The Lemon

As The Lemon begins, John Doe, world-traveling chef and food showman, dies by his own hand in his Belfast hotel room. His hanging death isn't suspicious, nor is it a murder dressed up to look like a suicide. Yet this frequently brilliant and, despite its bleak central plot point, hilarious novel--the maiden voyage of S.E. Boyd, a pseudonym of journalists Kevin Alexander and Joe Keohane and editor Alessandra Lusardi--has the feel of a mystery. It's populated with a clutch of scheming individuals whose lives are potentially altered for the better by John's death.

Hotel employee Charlie McCree finds John's body, but not just John's body: he also happens upon chef Paolo Cabrini, owner of a prestige-dripping New York restaurant. Paolo is standing before the corpse of his best friend and doing something innocent that nevertheless, he recognizes, looks compromising. Out comes Charlie's camera phone. Paolo gives Charlie some cash for his silence and an enthusiasm-free invitation to look him up should Charlie ever find himself in New York.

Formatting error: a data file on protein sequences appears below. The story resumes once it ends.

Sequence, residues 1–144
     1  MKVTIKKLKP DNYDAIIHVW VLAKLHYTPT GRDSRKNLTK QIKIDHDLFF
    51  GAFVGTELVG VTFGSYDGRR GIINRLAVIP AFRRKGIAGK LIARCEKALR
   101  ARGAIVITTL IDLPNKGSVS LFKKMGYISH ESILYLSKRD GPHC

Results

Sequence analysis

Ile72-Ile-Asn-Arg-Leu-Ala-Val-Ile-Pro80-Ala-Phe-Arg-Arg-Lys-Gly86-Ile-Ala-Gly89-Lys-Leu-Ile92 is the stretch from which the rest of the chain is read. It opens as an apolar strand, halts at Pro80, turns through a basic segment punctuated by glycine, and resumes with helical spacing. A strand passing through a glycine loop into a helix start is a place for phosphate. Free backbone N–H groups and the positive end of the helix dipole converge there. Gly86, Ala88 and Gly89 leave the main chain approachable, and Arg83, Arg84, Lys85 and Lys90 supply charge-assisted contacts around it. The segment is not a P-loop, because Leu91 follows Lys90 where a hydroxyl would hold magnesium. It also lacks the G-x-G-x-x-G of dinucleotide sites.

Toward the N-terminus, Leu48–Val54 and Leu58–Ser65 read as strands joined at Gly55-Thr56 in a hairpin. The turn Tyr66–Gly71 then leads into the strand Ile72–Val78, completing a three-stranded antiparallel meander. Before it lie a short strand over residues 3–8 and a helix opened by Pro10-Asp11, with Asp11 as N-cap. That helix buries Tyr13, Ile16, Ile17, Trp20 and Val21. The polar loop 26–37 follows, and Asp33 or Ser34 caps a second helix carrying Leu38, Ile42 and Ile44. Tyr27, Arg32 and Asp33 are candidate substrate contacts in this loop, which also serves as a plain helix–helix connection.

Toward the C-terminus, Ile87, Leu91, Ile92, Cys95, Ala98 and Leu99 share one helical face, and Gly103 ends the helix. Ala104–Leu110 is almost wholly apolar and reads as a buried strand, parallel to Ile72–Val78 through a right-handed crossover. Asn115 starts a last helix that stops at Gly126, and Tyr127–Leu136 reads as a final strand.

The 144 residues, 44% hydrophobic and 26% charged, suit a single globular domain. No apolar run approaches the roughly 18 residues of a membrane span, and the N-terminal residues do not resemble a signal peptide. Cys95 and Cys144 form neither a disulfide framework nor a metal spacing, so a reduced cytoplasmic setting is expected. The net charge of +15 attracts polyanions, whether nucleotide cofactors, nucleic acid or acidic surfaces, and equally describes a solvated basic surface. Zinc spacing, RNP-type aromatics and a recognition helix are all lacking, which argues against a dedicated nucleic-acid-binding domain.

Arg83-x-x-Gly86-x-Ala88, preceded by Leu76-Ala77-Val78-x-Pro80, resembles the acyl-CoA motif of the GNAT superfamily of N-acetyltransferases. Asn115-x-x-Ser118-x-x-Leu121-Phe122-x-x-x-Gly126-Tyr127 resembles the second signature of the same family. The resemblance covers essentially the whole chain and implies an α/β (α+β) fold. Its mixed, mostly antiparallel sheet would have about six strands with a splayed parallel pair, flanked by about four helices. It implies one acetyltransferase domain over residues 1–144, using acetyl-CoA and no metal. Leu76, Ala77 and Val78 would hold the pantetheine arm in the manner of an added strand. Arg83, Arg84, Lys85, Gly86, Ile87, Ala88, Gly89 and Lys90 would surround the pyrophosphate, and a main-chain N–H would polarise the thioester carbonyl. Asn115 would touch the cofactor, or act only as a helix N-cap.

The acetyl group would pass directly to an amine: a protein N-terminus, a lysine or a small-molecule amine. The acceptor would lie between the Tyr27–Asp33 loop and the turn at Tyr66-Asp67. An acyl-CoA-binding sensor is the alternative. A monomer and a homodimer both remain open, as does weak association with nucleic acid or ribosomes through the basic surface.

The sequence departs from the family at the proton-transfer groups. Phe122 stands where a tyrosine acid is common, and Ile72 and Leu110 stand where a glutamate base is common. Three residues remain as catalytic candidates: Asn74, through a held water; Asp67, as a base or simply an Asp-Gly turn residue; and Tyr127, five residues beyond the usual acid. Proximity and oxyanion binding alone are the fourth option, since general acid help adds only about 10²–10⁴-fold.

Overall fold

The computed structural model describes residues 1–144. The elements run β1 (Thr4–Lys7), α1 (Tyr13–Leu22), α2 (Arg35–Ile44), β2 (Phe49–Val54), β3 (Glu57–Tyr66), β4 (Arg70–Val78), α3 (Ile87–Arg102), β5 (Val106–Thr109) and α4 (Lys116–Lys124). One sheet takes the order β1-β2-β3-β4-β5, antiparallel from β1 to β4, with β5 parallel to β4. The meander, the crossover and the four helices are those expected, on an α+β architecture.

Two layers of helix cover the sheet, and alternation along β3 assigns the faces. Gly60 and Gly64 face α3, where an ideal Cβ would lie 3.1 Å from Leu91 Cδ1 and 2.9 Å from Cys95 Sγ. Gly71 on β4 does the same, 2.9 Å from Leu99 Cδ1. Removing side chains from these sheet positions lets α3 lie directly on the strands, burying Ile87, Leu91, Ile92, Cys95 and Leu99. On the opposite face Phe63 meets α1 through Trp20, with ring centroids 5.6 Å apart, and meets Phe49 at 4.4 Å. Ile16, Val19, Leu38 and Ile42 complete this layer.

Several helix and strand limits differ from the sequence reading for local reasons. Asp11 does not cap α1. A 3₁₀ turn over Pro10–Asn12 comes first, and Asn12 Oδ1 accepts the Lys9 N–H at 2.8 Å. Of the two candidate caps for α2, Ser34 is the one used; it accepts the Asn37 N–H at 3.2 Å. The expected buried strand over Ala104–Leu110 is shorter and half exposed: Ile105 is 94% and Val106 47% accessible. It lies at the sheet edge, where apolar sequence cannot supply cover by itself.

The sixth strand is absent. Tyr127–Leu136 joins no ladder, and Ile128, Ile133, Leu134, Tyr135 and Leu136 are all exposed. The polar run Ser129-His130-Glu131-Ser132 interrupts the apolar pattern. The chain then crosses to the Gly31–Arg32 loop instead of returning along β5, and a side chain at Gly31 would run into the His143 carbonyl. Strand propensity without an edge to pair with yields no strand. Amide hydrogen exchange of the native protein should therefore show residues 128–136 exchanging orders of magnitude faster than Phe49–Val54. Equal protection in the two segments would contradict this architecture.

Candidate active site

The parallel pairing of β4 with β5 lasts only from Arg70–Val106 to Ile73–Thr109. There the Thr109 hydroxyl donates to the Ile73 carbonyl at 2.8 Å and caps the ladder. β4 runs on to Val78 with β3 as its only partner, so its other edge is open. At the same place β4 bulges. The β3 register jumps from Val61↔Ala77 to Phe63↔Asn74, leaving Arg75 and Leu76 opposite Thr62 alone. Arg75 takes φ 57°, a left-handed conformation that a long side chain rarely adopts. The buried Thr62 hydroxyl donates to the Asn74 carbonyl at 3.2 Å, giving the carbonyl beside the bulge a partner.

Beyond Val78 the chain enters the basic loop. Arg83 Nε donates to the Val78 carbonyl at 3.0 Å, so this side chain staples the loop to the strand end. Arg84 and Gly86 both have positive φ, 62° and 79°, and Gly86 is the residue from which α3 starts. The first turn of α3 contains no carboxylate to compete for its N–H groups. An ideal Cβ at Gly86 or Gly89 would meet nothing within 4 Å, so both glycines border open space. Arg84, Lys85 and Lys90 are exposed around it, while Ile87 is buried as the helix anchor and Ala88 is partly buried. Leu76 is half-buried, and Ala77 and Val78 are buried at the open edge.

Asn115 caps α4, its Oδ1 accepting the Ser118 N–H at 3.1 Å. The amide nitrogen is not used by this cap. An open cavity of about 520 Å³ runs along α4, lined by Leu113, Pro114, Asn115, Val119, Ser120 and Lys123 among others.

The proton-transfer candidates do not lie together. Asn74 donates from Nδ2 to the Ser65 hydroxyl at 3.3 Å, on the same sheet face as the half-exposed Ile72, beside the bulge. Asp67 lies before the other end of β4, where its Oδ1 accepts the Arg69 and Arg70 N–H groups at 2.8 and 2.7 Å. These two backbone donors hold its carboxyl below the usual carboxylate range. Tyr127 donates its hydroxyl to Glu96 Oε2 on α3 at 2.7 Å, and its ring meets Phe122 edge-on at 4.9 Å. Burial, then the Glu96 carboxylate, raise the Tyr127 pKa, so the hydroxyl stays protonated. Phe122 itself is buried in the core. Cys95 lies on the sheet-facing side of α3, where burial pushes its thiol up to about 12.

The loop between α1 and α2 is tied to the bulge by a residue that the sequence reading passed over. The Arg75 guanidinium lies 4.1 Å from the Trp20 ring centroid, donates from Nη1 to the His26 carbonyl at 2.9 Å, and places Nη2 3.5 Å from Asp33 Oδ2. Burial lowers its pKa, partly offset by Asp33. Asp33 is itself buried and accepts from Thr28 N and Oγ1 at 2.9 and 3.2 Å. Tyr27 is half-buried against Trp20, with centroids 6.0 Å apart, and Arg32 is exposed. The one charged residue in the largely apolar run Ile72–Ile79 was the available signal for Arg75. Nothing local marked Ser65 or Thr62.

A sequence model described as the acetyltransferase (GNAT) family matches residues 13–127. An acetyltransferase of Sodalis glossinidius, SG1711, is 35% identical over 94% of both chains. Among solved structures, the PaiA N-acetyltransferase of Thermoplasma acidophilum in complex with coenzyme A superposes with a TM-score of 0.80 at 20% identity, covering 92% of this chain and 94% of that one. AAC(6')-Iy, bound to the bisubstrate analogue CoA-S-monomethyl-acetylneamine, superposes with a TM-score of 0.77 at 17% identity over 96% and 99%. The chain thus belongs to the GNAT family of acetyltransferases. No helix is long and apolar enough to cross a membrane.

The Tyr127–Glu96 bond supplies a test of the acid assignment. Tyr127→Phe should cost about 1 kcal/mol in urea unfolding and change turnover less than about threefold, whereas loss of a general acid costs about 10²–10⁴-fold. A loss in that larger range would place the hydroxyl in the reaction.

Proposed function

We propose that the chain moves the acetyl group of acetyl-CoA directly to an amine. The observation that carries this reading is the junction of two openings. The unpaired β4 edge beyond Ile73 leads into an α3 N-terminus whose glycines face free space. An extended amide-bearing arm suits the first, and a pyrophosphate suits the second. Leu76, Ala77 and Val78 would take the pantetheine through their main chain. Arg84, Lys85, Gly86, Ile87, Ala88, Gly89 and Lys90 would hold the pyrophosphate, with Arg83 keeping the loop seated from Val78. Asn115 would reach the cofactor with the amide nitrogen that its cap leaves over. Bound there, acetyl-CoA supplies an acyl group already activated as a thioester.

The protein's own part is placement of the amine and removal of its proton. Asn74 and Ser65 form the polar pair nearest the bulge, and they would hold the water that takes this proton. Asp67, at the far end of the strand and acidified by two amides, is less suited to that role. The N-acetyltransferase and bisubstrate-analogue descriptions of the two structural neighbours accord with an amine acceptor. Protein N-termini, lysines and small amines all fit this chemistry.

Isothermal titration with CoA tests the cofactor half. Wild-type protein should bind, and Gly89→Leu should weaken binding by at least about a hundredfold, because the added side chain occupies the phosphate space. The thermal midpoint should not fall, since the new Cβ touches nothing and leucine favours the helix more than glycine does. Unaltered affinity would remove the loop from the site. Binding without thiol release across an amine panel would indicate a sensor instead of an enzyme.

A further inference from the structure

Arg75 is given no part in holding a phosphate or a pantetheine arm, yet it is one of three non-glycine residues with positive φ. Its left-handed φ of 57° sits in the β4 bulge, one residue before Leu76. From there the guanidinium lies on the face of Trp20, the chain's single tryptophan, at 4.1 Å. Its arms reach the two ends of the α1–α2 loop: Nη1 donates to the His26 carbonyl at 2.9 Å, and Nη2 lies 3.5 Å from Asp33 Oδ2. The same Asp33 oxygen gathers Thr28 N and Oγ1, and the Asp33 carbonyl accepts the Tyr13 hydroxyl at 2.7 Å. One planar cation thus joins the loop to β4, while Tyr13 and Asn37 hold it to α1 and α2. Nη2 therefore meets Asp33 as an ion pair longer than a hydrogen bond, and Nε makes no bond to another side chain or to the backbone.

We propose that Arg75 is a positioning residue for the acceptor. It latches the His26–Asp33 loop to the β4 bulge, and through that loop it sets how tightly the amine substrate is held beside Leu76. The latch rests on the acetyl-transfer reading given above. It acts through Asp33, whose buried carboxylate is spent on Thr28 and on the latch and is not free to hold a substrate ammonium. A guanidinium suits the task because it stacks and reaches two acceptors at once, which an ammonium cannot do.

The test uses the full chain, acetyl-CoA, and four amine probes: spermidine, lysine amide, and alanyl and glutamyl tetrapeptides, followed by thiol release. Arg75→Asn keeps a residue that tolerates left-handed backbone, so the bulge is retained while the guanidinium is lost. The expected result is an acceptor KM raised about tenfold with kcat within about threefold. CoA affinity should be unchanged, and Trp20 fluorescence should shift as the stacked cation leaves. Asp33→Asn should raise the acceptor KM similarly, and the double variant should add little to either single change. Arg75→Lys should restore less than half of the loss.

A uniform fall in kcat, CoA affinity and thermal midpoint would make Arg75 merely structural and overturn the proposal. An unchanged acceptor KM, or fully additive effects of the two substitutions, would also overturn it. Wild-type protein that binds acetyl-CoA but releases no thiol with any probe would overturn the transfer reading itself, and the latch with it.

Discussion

Then there's the fallen food star who gave John his start and figures he's in a prime position to take over the dead man's television show. There's John's shrewd but weary agent, who's doing damage control but also looking out for her own hide. Every story line offers suspense and surprises, and the book's deadpan humor is unremitting. The Lemon is a full-bore spoof of monetization mania and foodie culture, and through it all, the specter of the late Anthony Bourdain, whose profile shares similarities with John Doe's, doesn't hover over the story so much as saunter alongside it. --Nell Beram, author and freelance writer

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